CHARLOTTE, N.C. – The North Carolina Air National Guard's 145th Airlift Wing, based here, will send two aircraft equipped with the Modular Airborne Fire Fighting System to Peterson Air Force Base in Colorado Springs, Colo., Saturday morning to support firefighting efforts throughout the Rocky Mountain area.
MAFFS is a joint Department of Defense and U.S. Forest Service program designed to provide additional aerial firefighting resources when commercial and private air tankers are no longer able to meet the needs of the forest service. The Charlotte-based aircraft will join C-130s from the Wyoming Air National Guard's 153rd Airlift Wing and the U.S. Air Force Reserve's 302nd Airlift Wing based in Colorado, which have been operating from Colorado Springs since June 25. Additionally, C-130s from the California Air National Guard's 146th Airlift Wing will also join the effort Saturday.
MAFFS is a self-contained aerial firefighting system owned by the U.S. Forest Service that can discharge 3,000 gallons of water or fire retardant in less than five seconds, covering an area one-quarter of a mile long by 100 feet wide. Once the load is discharged, it can be refilled in less than 12 minutes. Retardant is discharged along the leading edge of a fire while water can be dropped directly on the flames.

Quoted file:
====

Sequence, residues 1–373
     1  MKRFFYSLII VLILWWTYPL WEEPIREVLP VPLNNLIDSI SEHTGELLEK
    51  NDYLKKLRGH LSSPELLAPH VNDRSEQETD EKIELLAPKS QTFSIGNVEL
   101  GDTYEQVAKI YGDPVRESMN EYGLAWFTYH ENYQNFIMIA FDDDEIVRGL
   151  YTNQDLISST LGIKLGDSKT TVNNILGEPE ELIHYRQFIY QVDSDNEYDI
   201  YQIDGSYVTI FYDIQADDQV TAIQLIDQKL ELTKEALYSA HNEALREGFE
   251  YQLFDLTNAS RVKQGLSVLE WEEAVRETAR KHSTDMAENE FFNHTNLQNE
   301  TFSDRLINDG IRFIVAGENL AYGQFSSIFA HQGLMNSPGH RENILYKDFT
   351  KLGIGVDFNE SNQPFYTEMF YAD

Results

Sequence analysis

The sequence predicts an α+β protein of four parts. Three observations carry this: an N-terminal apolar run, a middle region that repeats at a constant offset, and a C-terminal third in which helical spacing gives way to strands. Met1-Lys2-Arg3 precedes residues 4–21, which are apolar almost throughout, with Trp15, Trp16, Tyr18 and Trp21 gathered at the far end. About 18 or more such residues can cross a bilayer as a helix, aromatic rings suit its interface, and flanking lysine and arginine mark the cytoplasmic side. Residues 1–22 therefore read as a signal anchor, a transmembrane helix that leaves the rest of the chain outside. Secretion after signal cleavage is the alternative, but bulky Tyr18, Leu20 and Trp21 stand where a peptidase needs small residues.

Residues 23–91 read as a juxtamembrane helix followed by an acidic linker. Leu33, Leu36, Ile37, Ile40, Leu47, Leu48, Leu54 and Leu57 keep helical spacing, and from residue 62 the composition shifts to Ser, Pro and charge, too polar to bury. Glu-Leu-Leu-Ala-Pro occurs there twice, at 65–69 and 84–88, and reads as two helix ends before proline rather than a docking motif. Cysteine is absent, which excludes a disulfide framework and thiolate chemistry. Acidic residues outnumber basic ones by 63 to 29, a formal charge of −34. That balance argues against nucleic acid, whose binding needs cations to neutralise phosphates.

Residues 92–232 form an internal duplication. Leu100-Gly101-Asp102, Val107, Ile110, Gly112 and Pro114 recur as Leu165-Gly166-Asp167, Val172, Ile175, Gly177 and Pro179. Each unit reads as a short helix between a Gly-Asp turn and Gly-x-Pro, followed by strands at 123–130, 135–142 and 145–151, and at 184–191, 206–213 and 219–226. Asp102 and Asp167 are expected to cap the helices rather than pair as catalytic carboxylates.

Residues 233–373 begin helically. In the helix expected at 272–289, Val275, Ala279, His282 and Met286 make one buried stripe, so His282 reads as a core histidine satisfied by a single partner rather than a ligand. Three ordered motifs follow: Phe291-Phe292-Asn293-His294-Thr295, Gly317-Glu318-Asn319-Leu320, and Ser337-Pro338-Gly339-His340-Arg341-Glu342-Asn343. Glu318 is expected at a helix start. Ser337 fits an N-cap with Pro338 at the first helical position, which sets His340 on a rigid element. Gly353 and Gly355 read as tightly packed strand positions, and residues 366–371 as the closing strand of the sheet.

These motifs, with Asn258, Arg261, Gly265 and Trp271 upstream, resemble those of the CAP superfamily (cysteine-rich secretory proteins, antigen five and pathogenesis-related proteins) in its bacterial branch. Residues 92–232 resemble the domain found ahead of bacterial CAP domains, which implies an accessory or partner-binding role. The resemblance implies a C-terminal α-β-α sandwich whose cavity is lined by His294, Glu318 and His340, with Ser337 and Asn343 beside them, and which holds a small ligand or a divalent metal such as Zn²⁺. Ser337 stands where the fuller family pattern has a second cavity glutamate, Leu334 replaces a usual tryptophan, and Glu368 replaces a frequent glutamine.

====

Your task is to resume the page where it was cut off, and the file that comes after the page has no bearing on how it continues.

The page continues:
They are considered a 24-hour resource, meaning that MAFFS aircraft can be at their deployed location and fighting fires within 24 hours. The 145th received notification of the mission today.
In addition to the two aircraft, which will carry the MAFFS modules, a third aircraft carrying support personnel and equipment will also join the mission. In all, some three dozen 145th members will deploy.
The 145th is one of only four units nationwide tasked with the MAFFS mission. All four are either Air National Guard or U.S. Air Force Reserve units. Each unit operates two MAFFS modules.
|Date Posted:||06.30.2012 11:02|
|Location:||CHARLOTTE, NC, US|
This work, NC Air National Guard's Charlotte-based 145th Wing deploying to fight Colorado fires, by TSgt Brian Christiansen, identified by DVIDS, is free of known copyright restrictions under U.S. copyright law.